But is it so obvious? Back in the day when links could only take you to another static web page, sure it was. But now, all sorts of things could happen. I might have different behavior on hover vs. on click. I could be given the option to have a live chat with a rep. I might be presented with an inline contact form so that I don’t have to leave the page I’m visiting. The contact form could have some information already prefilled for me based on my present location or account type. There could be animation involved in displaying the contact information. There could be some sort of contact wizard that would change later screens depending on choices the user makes initially.
All these interactions are much harder to convey with paper prototypes than with interactive wireframes. Sure, you can make a different screen showing each stage of the interaction, but with anything more complicated than a few steps, your observers can get lost pretty fast shuffling through papers. Having it all working in an interactive prototype allows users to click through and explore naturally. They can also discover things like hover interactions or animations on their own, which are particularly unsuited to paper.
What? You don’t need to test your designs with users? Your designs spring from your brain fully formed and perfect? Well, good for you. The rest of us mortals actually like to show our designs to test participants and get feedback from people who aren’t familiar with the product.
Now, I’ve run a lot of user tests. I’ve run them with working products, interactive prototypes, pictures of screens displayed on computers, pure paper prototypes, and physical mockups of products. I’ve used prototypes built with everything from HTML to Visio to cardboard. The one constant was that the closer the prototype mimicked the final product interaction, the fewer problems we found once the product was built. And since we recommend iterative testing during development rather than waiting to test until the product is 100% built (you know, just in case your design wasn’t entirely perfect the first time around), an interactive wireframe is the best trade off of speed for functionality.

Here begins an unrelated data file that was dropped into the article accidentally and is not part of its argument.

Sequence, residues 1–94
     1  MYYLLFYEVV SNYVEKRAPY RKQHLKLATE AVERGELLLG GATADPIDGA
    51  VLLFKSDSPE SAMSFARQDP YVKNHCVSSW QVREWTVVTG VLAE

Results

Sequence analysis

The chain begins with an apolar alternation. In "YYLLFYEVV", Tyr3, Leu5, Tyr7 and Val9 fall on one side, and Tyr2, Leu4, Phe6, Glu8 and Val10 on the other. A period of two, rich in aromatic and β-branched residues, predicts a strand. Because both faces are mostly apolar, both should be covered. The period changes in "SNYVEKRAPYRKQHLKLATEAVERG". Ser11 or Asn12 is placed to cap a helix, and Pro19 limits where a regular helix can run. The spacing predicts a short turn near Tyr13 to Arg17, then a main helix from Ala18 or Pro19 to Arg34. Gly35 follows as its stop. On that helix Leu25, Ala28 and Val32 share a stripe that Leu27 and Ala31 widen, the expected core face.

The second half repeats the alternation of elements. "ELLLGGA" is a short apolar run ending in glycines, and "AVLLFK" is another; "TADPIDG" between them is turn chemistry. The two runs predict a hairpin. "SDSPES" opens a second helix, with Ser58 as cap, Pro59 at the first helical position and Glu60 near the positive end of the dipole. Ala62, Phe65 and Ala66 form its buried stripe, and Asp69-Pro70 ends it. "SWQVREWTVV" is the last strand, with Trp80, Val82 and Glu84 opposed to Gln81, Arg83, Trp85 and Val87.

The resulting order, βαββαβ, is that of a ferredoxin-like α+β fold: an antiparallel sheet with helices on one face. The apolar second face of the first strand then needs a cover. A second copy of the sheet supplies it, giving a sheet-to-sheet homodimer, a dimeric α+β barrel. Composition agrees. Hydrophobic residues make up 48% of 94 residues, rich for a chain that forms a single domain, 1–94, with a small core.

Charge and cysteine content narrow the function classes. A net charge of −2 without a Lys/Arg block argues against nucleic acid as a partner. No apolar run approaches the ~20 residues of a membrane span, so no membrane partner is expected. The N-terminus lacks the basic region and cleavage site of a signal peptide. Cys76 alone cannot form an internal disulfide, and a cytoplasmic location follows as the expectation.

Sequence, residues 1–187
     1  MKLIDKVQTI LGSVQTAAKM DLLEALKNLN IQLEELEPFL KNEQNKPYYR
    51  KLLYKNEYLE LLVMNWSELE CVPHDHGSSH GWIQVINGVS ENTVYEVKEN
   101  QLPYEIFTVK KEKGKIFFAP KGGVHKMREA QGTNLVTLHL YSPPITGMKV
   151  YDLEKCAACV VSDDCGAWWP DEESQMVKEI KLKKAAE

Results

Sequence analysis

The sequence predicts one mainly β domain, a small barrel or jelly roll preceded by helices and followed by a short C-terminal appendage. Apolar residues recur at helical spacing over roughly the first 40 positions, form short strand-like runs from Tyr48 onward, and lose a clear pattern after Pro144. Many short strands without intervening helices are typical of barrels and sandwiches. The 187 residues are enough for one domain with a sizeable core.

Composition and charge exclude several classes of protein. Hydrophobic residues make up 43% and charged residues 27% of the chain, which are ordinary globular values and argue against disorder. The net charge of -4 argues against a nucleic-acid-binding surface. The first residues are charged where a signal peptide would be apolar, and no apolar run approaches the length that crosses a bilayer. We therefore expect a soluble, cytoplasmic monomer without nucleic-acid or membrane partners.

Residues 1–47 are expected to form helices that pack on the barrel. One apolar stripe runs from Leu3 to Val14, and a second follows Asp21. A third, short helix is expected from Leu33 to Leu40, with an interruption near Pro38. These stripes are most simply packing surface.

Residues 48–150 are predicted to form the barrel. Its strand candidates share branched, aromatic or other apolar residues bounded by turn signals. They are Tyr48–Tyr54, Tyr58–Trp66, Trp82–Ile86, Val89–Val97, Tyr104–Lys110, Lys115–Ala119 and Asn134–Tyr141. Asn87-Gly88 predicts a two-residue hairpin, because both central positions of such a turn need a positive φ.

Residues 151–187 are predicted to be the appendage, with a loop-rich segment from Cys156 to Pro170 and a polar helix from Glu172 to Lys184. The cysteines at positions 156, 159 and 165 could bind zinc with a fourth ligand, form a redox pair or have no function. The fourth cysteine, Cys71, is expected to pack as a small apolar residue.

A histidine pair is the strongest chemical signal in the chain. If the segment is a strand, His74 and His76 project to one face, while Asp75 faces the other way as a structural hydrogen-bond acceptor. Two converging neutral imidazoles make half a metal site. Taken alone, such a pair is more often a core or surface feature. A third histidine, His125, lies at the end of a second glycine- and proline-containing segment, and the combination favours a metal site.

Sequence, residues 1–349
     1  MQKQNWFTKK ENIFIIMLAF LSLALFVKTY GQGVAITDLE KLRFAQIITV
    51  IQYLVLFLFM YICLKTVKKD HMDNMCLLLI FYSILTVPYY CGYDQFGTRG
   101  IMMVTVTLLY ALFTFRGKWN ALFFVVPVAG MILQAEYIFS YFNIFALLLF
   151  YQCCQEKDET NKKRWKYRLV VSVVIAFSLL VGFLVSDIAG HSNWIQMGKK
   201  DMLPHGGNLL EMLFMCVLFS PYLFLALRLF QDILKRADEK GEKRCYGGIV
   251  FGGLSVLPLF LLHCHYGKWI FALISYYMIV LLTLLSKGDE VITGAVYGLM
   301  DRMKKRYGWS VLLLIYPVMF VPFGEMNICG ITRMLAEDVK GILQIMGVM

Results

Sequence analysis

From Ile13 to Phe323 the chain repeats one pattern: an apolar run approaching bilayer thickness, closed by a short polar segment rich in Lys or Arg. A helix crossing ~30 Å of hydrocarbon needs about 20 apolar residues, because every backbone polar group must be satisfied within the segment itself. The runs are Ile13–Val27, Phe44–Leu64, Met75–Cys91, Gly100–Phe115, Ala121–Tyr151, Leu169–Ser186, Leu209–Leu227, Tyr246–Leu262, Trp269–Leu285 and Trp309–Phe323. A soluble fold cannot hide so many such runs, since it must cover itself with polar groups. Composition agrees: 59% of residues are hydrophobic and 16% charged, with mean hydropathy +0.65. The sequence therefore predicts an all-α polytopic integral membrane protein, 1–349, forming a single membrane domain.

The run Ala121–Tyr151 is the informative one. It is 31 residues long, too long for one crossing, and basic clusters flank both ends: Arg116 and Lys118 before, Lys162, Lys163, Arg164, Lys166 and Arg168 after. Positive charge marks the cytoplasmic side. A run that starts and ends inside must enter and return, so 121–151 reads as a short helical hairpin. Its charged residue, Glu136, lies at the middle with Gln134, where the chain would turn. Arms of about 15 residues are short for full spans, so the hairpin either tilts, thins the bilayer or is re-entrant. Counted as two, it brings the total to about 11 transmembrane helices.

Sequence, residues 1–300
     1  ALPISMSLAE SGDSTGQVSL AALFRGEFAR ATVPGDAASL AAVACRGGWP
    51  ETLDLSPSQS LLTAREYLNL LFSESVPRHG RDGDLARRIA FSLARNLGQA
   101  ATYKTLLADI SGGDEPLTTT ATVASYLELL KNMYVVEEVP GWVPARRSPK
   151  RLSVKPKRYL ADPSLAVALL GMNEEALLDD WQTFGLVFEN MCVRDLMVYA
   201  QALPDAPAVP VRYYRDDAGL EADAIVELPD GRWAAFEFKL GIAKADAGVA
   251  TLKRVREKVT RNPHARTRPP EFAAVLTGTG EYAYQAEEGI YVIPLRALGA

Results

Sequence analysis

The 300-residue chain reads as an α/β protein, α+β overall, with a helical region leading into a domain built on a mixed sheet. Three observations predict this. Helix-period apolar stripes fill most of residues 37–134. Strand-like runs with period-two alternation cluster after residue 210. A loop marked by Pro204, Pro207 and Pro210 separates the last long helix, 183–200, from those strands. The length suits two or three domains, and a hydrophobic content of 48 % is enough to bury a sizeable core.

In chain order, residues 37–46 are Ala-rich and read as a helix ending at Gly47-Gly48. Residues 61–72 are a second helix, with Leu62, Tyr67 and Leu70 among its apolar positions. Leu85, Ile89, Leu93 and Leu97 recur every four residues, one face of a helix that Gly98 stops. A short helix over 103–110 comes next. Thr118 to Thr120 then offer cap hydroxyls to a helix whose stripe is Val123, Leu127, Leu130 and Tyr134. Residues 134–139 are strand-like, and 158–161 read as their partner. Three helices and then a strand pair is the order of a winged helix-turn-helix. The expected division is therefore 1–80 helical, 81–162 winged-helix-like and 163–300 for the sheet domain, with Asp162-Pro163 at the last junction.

Communicating the design
You can have the best design in the world, but if you don’t communicate it effectively to the engineers who have to build the thing, it doesn’t matter one bit. Of course, once you’ve designed all of your static screens, you could paste them into a big spec with extensive documentation about what each button on each screen does and how many seconds an animation is supposed to take and blah blah blah. I’ve done it when it’s been specifically requested by a client. I’ve also never met an engineer who was particularly happy to read through one of those three hundred page documents. Besides, just the thought of making changes to every screen in that document every time there’s a change makes me tired.
An interactive prototype, when built intelligently, is a different story. It allows engineers to see exactly how every element of the design is supposed to work. What happens when you click on a link? Click on it to find out! Is the animation supposed to sweep horizontally or vertically? Take a look! Of course, you’re free to add notes to screens as necessary to fully communicate absolutely everything, but the difference between using this lightweight approach and a full design document for reference is night and day.
What’s the alternative?
So, what should you use other than paper prototypes? I’ve mentioned it throughout the post, but I’ll be perfectly clear. Your best bet is an interactive wireframe that mimics the behavior of the actual product as closely as possible. It doesn’t have to be hooked up to a database on the back end or use real data. It doesn’t even have to be fully functional if you’re only testing parts of it or if you’re annotating it with notes. But it should make the user, whether they’re a test participant, an engineer, or your design manager, feel like they’re actually performing tasks with the product.
Luckily, you’ll find plenty of products out there that will help you build interactive wireframes with very little technical expertise. You don’t need to be an engineer or a Flash expert to make your screens clickable. My favorite tool is Dreamweaver for creating quick HTML prototypes with basic animations and interactions, but other people have had good luck with applications like Axure and or even PowerPoint (although, that has some serious limitations).
There is, of course, one quick caveat. I know I’ve been harping on how closely your prototype should match your eventual product. However, you do not need, and probably shouldn’t have until quite late in the design process, a full visual design for your interactive prototypes. Why is that? Well, I’ve found that making the visuals look too polished can actually focus the user on the aesthetics rather than on whether they can accomplish a task. A lovely or flashy visual design can distract the user from interaction problems that you’d rather find early in the process.
For best results, focus on creating a simple, clean wireframe with as much interactivity as you can possibly give it. Your users will thank you for it.